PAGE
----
Our popular general coarse fishing blogger, Colin Mitchell, is back exclusively for the Angler's Mail website - sharing his memories of early fishing rods.
THERE’S no doubt we now have the best fishing gear ever produced – but many anglers of a certain age will still hark back to the days of their favourite piece of kit.
More often than not that item is a rod. And over the years there have been some amazing rods about!
My first rod was an old garden cane but soon I progressed to a six-foot long solid glass job with a plastic handle that was discovered at a Jumble Sale.
Then I moved on to my pride and joy at seven foot long, a white spinning rod – Milbro if I remember correctly – which was used for everything (yes even the odd spot of harbour fishing for coalfish!).
Later, the ultimate tool came into my possession, an 11 foot three piece ‘match rod’ from Bernard Sealey, rather than the more recognisable Edgar. It was in two sections with a separate butt and believe me this was something special as it was a hollow glass tool and was unbelievably light compared to everything else we had been using.
From then the mists of time become a bit confused as so many rods seemed to come and go (well ok they rarely went, but were stashed away ‘just in case’). But I do remember my East Anglian Rod Co Tipster rod – as you can guess it had an incredible tip action; and its smaller brother leger rod, both finished in a sort of green hollow glass.
And of course there were the Shakespeare Internationals, arguably the benchmark rod for any would-be match angler. I had the 12 and 13ft and have to admit the shorter was something else to use!
We’ll skip past the closed face reels that bore the same name – let’s just say they didn’t do such a fine tackle company so proud as the rest of their gear.
The carbon revolution
And after the advent of the hollow glass rod came carbon, the amazing new material we now all take for granted.
Way back then – more than three decades – it was awesome. Rods that were lighter, responded totally different to glass and of course which carried a bigger price tag.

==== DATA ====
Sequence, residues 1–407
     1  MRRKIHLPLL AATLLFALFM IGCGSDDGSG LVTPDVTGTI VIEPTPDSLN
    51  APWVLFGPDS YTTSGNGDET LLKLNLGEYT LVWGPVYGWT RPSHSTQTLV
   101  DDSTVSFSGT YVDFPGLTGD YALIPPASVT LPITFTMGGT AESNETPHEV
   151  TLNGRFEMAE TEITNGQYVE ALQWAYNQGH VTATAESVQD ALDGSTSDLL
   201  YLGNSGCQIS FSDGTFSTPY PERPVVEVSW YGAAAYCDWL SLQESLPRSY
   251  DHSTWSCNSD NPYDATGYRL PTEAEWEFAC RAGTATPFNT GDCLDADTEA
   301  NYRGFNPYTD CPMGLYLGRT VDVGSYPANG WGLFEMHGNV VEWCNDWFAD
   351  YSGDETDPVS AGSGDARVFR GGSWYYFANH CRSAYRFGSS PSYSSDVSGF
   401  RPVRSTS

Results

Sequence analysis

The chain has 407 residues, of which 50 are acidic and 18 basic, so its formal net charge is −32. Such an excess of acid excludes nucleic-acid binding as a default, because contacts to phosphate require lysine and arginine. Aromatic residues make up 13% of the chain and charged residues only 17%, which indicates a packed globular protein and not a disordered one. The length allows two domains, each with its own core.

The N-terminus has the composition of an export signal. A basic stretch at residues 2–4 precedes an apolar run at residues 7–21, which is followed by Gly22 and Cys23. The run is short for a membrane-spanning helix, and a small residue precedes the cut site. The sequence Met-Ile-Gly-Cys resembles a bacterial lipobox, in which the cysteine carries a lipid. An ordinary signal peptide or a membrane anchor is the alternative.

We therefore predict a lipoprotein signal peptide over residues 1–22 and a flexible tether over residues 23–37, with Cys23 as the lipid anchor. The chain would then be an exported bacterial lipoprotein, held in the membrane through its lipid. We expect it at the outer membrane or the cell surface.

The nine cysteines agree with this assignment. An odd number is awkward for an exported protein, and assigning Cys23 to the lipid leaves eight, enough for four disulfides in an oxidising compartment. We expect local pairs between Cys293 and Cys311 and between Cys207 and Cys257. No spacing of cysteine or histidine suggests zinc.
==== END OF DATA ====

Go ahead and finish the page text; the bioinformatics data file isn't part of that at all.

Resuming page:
Not long after they were ‘born’ I was part of a match group backed by Craddocks to fish the Scottish National and we all got to use one of their new rods. Sadly we had to give them back…
But I’d seen and felt enough to hurtle down to Ken Collings’ KC Angling, my nearest shop those days, to buy two of their own carbon rods that were created around the still-famed Normark blanks. I still don’t know how I was persuaded to sell them a few years ago…
Next up was a range of boron rods from Shakespeare. These were very much an acquired taste, bit like Marmite. No doubt though that they were part of rod revolution history.
Now…well you can buy ten carbon rods for what we paid for the first ones, and most of them will be useable!
Like most things though, the more you pay the better you will get with mainstream brands, although the quality of rods you can get for around £50 is awesome!
As much as I like a bite of nostalgia, I don’t think I will be going back to the garden cane…
Groundbait – is it the kiss of death?
WHEN it comes to this time of year with colder nights, shy biting fish and sometimes clearer water do you stop using groundbait?
Big mistake! Groundbait can be a killer in these conditions but used wisely it can also be a bite maker!
I also have one area of my swim where I feed groundbait no matter what the conditions. If it is colder I riddle the mixed bait to remove any feed or lumps and feed very, very steadily…quite often feeding a golf-ball sized lump and then no more until I have had a bite or fish or two.
When the water is clearer I much prefer a darker groundbait and quite often bulk it out with molehill soil which also makes it that bit darker and heavier to get to the bottom.
The added bonuses are the bugs and other fish-attractive items that remain after the moles have dug the soil and that’s why I collect fresh hills.
Another trick is to include just a very, very tiny amount of actual feed in the groundbait in the form or live or dead maggots, casters and chopped worms.
I really do mean a tiny amount – for example maybe half a dozen pinkies, or similar.
It’s amazing how this small amount of feed can turn fish on to feeding on a day when they look as though they have shut up shop.